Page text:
He said with house prices soaring, young people wanting to get into the market should consider other ways to increase their deposit.
"The traditional expectation of saving enough for a house through a decent job no longer applies for many so we have to be creative with ways to reach financial goals," Daniel said.
"Look at alternatives ways to grow your wealth, whether that be through shares, digital currency, side hustles or something else.
"This means not only diversifying, but being realistic about your targets (such as buying in the heart of Sydney versus somewhere 50km outside) and understanding what works best for your situation.
"Although shares can give good returns, there is risk inherent in trading which people should be aware of before 'going all in'."
Young investors turning their backs on property market
According to the latest ASX Australian Investor Study, almost a quarter of investors have only just started investing in the last two years like Daniel.
Many are aged 25 or under, and women are now making up nearly half of all new investors.
"Young people realise buying property is no longer an option, so they are turning to shares to make their money work harder and secure their future plan," he said.
"Cryptocurrencies have also created interest in the younger generation who want to invest with a long term strategy.
"It’s driving demand for wealth creation platforms like Goodments to simplify buying and selling shares, making it easy to get involved, easy to use and low cost."
Year 12 student Aaron Marcellino (pictured right) is already trying to build his wealth through the stock market under the guidance of his dad, and aims to use shares to help him buy property in his early 20s.
"I thought now would be a good time to start investing for the future, especially when stocks were cheap due to the coronavirus," he told Savings.com.au.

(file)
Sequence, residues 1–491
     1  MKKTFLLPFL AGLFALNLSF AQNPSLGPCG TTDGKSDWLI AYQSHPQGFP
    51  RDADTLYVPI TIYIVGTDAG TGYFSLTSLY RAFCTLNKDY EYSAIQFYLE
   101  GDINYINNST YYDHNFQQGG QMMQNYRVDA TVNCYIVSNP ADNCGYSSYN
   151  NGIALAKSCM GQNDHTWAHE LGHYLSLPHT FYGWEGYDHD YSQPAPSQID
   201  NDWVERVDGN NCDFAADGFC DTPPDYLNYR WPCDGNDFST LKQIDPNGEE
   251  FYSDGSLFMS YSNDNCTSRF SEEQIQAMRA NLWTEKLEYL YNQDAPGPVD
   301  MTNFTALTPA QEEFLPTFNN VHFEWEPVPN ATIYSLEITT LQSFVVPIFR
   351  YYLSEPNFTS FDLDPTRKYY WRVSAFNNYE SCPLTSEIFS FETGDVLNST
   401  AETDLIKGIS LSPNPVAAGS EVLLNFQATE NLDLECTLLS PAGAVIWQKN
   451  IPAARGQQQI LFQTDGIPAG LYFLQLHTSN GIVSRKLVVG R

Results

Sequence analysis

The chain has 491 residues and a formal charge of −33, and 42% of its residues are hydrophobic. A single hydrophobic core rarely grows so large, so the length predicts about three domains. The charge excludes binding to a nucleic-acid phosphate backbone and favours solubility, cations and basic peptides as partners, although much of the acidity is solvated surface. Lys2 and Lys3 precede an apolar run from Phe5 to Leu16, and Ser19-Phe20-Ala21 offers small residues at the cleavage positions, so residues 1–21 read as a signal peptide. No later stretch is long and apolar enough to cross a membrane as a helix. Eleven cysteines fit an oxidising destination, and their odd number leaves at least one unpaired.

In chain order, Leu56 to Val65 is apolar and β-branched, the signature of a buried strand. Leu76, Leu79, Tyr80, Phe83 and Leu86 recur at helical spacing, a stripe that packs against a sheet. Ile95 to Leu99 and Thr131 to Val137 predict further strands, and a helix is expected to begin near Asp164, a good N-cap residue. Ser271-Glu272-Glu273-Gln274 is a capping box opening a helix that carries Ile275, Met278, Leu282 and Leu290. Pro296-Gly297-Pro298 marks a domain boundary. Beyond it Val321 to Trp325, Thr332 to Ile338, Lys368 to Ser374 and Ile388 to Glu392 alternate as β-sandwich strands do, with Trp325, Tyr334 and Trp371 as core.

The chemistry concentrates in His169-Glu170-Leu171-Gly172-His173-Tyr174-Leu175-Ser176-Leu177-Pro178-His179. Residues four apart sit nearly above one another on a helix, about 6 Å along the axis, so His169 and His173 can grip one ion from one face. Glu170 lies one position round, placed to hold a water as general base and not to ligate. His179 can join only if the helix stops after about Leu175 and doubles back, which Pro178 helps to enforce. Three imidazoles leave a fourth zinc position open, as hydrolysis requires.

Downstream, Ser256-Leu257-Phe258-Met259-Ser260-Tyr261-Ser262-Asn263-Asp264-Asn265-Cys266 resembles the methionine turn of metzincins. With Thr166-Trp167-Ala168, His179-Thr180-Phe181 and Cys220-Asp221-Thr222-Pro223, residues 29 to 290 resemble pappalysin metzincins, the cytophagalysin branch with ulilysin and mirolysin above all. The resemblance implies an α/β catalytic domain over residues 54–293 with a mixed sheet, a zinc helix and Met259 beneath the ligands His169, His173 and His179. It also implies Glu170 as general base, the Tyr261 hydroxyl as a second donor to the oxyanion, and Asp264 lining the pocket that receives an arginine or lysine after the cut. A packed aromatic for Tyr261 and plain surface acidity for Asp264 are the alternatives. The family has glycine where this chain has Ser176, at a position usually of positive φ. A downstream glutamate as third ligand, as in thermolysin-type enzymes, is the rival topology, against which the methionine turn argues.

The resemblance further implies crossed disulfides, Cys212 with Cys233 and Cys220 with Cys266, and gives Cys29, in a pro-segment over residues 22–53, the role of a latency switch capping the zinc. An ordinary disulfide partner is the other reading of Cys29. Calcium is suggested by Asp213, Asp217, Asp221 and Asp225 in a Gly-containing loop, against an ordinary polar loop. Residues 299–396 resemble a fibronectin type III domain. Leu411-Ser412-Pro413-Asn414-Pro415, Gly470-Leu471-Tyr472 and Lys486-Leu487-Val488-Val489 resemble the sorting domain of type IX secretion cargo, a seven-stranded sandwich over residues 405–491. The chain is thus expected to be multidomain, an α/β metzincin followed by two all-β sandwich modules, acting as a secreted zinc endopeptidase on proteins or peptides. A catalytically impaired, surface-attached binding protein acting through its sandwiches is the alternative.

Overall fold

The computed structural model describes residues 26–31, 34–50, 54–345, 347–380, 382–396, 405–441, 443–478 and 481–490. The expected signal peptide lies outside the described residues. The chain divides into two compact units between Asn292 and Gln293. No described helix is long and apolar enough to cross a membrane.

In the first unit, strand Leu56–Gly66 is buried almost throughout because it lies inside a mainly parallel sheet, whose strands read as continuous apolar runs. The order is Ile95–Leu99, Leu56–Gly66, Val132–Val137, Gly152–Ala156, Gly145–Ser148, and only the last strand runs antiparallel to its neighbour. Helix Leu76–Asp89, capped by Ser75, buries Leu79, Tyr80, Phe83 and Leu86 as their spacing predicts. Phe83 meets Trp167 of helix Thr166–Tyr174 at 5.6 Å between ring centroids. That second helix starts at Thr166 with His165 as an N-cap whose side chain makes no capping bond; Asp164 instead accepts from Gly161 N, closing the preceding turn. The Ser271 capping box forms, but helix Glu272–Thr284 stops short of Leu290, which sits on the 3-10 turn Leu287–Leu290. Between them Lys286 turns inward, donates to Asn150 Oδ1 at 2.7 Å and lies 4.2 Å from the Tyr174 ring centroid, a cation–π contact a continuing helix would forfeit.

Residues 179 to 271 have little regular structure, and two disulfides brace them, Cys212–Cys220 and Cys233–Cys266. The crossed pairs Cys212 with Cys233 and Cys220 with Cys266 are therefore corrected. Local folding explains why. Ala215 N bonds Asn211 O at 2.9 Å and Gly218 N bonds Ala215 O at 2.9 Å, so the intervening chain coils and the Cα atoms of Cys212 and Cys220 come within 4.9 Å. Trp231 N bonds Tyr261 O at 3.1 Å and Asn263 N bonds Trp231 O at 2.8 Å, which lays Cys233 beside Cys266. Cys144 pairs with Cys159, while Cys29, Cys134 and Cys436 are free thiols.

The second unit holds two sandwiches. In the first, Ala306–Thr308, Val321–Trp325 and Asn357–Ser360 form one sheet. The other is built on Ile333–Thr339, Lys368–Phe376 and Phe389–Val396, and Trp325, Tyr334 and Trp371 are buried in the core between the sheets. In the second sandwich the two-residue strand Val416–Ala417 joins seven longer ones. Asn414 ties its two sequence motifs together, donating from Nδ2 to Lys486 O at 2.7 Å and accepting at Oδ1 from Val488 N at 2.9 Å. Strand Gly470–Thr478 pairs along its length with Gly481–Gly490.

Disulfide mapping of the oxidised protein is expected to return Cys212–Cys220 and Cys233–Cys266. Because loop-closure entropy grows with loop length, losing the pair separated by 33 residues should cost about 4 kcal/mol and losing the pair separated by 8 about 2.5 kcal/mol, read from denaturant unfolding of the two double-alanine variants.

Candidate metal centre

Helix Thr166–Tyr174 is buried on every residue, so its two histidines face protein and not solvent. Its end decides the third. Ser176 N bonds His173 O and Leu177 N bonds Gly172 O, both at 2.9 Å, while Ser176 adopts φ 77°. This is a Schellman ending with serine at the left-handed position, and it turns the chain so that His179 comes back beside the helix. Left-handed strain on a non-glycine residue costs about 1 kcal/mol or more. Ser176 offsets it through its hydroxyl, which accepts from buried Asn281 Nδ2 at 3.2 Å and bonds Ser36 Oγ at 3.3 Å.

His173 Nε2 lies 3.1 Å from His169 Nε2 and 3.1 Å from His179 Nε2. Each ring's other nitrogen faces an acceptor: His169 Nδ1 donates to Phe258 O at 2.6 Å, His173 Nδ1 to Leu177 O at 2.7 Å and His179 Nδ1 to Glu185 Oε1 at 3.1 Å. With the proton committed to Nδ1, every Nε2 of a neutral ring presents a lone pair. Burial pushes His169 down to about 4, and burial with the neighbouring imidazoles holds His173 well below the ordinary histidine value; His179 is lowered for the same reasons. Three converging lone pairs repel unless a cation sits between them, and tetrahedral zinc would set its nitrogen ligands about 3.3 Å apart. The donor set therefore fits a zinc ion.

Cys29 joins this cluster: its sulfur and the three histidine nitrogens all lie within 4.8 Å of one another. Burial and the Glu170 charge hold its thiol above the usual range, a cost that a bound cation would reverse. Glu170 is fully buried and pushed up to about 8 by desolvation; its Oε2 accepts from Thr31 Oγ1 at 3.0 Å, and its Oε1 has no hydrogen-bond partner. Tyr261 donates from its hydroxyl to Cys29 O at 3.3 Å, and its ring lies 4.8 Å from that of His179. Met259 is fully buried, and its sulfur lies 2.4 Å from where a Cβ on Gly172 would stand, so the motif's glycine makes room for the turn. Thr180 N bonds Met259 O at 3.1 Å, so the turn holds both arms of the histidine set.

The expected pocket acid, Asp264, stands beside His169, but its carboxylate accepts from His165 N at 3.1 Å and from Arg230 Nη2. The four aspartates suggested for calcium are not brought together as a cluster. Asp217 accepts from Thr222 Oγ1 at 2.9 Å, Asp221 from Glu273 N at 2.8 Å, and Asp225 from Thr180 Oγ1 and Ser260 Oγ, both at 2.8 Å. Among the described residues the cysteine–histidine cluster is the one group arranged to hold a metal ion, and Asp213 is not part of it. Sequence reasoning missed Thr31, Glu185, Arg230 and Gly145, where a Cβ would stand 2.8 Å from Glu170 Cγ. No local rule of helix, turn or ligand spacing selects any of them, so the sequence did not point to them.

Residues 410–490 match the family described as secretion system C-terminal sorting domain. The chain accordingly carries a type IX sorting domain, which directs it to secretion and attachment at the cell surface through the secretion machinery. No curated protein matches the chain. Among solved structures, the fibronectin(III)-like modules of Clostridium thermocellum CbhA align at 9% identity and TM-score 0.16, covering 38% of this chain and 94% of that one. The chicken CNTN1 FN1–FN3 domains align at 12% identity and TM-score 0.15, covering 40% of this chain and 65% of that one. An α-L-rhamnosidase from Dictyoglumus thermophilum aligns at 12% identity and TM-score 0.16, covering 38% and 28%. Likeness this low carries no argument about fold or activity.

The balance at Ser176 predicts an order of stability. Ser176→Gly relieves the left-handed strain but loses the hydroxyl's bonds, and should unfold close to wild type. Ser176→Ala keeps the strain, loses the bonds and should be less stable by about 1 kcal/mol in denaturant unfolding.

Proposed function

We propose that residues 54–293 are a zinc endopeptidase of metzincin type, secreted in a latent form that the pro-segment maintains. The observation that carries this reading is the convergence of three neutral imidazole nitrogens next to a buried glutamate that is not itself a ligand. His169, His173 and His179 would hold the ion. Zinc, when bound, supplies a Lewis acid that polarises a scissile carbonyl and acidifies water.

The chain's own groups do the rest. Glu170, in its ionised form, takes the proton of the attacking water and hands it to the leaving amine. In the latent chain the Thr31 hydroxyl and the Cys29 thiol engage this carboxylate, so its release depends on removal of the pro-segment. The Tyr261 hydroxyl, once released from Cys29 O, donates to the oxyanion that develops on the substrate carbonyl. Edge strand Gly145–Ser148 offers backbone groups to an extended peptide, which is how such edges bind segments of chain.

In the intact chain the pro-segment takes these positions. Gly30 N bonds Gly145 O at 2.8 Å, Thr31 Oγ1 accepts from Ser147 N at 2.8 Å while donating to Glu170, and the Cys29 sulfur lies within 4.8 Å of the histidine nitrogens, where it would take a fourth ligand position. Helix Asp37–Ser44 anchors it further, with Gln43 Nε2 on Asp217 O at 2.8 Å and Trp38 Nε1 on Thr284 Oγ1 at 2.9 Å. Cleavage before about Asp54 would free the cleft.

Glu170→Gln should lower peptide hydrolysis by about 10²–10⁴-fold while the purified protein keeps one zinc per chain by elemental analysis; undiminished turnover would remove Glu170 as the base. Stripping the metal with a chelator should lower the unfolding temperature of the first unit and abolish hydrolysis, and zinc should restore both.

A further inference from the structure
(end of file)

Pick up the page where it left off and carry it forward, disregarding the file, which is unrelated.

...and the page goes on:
"One of the main reasons I decided to get into shares is because it was easily accessible with the funds I had available, which the property market isn’t at the moment."
He admits he's not optimistic about his generation's ability to get into the property market.
"I think it will be very difficult, near impossible for my generation to buy a house in their 20s," he said.
"[My generation] may have to wait until their mid 30s to own a house for themselves. It would be ideal for me to eventually own a house in Sydney, but that’s something that might have to wait for a bit."
Recent data from CoreLogic which compared national dwelling values and average incomes, found low income workers are only able to afford 17.6% of available housing stock in Australia – or just 3% in Sydney and 4% in Melbourne.
Australian Bureau of Statistic (ABS) figures released on Tuesday revealed residential property prices rose 5.4% in the March quarter - the strongest quarterly growth since the December 2009 quarter.
The total value of residential dwellings also exceeded $8 trillion for the first time, with NSW accounting for 40%, or $3.3 trillion, of Australia's total value of dwellings.
Pictured: Daniel Child and partner. Image supplied.